Self Assessment Tool: JoHari Window

The JoHari Window was designed by Joseph Luft and Harrington Ingham in 1955 and is a great tool to help leaders understand who they are as people and to identify their strengths and weaknesses. The JoHari Window is a powerful tool to assists leaders in understanding their weaknesses are often apparent to other by their actions, regardless of whether they choose to vulnerable or not.

This simple straight forward tool is also a great way to discover and confirm the things you do well!  It is also a wonderful tool too begin to uncover hidden potential with gifts and strengths.   This will give you clues as how to play to your strengths and will illumin potential strategies to cultivate your potential.



Top Left Box

Leaders can recognize ways of behaving in themselves.  The behaviours of the leader as recognized by others.

Top Right Box

These are those things that make up your private life, which the leader is aware of but in general others are not.

Bottom Left Box

The leader is generally unaware of certain behaviors and tendencies but others are aware of them.   These are generally called our blind spots.  Our actions betray us and while we may not be aware of them others are.  The key is to be asking good questions that can return good feedback so you can better understand your blind spots.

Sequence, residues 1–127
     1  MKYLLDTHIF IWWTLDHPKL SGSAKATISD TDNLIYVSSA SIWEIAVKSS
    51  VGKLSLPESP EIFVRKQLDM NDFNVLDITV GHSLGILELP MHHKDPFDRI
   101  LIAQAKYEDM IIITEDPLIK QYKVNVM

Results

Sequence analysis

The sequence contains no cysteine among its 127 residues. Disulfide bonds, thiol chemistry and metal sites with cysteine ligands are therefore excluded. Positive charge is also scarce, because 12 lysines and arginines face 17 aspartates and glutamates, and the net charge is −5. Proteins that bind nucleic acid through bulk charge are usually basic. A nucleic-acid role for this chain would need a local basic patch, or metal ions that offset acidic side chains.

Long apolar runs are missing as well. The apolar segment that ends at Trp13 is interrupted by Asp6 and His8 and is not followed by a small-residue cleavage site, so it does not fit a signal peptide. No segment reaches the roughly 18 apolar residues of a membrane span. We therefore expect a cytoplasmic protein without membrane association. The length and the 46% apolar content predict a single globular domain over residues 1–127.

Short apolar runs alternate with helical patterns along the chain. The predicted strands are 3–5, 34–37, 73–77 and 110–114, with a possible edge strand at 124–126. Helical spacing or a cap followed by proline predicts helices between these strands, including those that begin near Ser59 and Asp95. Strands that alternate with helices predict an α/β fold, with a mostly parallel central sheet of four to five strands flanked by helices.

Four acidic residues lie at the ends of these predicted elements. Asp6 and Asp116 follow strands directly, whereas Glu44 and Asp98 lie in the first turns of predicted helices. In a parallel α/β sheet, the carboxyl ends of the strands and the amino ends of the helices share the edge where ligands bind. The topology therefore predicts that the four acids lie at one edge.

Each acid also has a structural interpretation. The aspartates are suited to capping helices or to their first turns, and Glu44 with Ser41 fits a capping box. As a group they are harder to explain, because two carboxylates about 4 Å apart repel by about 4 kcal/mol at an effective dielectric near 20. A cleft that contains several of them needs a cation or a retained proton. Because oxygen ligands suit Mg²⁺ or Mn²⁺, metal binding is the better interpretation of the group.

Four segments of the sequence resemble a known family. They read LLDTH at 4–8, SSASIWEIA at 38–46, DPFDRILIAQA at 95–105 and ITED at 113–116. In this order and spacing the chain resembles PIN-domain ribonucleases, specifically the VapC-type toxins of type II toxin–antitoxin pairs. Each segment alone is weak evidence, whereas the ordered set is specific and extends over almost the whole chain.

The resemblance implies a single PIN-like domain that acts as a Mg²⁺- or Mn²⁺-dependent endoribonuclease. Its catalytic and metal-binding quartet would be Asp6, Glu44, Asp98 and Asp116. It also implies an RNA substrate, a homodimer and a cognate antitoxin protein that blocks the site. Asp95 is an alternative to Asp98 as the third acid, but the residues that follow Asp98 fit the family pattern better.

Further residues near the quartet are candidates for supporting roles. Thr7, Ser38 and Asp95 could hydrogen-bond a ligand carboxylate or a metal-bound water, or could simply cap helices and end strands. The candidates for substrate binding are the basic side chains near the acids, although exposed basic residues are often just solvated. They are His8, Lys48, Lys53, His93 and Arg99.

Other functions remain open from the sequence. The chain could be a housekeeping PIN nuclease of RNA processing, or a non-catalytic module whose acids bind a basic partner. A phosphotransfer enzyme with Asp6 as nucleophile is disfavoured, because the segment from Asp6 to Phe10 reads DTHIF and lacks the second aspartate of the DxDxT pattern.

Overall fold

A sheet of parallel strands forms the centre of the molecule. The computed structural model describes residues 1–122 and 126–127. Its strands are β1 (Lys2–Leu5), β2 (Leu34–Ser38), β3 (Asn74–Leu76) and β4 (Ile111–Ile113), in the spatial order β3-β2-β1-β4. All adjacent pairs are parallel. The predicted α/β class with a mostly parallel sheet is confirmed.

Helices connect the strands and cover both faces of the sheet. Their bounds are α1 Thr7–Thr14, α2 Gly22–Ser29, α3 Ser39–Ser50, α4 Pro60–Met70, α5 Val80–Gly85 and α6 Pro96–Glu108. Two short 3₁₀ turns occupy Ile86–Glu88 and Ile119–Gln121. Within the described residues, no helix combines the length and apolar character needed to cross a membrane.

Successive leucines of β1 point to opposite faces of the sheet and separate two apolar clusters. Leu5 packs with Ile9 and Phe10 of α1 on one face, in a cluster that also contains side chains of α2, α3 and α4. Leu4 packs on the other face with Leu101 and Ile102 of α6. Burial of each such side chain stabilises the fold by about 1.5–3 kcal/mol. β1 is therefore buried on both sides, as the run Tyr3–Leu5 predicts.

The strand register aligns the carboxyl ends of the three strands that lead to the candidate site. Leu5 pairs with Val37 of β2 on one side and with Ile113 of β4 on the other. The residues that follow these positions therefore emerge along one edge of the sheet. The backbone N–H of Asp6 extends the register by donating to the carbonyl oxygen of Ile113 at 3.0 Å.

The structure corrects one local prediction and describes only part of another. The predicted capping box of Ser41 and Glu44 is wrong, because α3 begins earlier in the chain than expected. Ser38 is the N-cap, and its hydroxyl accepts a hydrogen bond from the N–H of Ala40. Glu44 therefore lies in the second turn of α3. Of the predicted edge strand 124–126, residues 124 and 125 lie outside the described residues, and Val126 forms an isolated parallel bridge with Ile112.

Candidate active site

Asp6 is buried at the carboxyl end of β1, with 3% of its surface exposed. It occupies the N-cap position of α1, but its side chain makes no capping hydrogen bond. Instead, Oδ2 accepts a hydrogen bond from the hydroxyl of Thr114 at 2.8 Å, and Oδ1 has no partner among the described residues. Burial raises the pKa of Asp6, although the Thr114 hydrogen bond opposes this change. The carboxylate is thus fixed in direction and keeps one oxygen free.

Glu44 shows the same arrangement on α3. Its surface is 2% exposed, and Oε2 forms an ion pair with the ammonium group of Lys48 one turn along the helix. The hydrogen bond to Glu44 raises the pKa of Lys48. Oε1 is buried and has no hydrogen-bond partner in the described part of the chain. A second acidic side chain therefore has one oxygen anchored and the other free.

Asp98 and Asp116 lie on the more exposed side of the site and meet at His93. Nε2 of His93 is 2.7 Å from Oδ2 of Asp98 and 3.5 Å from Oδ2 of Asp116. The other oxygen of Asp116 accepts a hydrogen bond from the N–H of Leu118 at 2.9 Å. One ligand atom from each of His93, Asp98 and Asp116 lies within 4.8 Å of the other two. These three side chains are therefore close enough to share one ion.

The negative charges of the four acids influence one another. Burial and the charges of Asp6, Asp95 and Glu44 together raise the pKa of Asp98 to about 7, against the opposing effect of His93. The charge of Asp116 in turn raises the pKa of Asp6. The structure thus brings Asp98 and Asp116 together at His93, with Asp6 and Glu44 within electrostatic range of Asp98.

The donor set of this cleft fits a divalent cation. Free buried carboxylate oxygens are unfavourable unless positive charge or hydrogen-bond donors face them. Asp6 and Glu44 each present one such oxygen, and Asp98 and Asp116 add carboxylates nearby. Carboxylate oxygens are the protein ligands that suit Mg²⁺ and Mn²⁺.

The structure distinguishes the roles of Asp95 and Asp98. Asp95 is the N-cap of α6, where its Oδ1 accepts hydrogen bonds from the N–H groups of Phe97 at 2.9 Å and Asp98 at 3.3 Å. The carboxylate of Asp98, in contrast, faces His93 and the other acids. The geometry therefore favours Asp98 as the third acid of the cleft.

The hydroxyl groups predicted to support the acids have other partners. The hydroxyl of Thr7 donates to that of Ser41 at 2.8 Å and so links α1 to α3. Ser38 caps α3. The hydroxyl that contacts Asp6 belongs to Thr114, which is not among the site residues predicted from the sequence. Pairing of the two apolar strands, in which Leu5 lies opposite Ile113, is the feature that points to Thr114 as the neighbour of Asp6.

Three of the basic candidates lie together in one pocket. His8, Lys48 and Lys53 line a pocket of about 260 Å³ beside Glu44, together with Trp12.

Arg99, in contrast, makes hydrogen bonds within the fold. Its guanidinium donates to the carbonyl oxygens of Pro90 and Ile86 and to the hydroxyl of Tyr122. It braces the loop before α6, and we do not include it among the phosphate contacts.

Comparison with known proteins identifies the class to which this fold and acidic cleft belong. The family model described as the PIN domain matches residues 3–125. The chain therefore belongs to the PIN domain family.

Bottom Right Box

Potential is the capacity to learn and grow in the future.  This affirms that self-improvement and development is indeed possible and as we grow, learn, discover and mature we unlock more and more of our potential, and while we, and others, may see glimpses of this, our potential is something we continue to grow into.


Spend some time with the JoHari Window 

  • Make 3 to 5 copies of the JOHARI Window.
  • Find 3-5 people you work with that you can trust to give honest yet constructive feedback. With each person, fill out one sheet.  For each quadrant, write words / a short phrase that best describes you. ie: integrity, intelligent, organized or unorganized, empathic, careless, isolated, etc.  Include specific examples if you need clarification.
  • Make sure you both mutually agree on the Public Self items. 
  • Share your thoughts on your Private Self if you feel comfortable doing so and ask for feedback. 
  • Then ask for items for the Blind Spots. Don’t take offense.  Some of this feedback maybe uncomfortable but remember you asked for honest, constructive feedback.  See this as a genuine contribution towards greater growth! 
  • For the Potential, ask them to share some thoughts about untapped potential you might have that have not yet fully emerged. 
  • When all the interviews are complete, combine all the feedback on to one master form and then list 3 specific actions you can take that addresses the prominent issues raised during the exercise. These actions can be to capitalize upon and develop a strength or address areas of weakness.
  • Once you have your 3 specific actions, re-visit the people who gave you the initial input and share with them your action plan.  Ask for their opinion on your action plan and make any necessary adjustments based on their feedback.  
  • Help feedback givers see their input is appreciated by asking them to let you know when they recognize you progressing on your plan.


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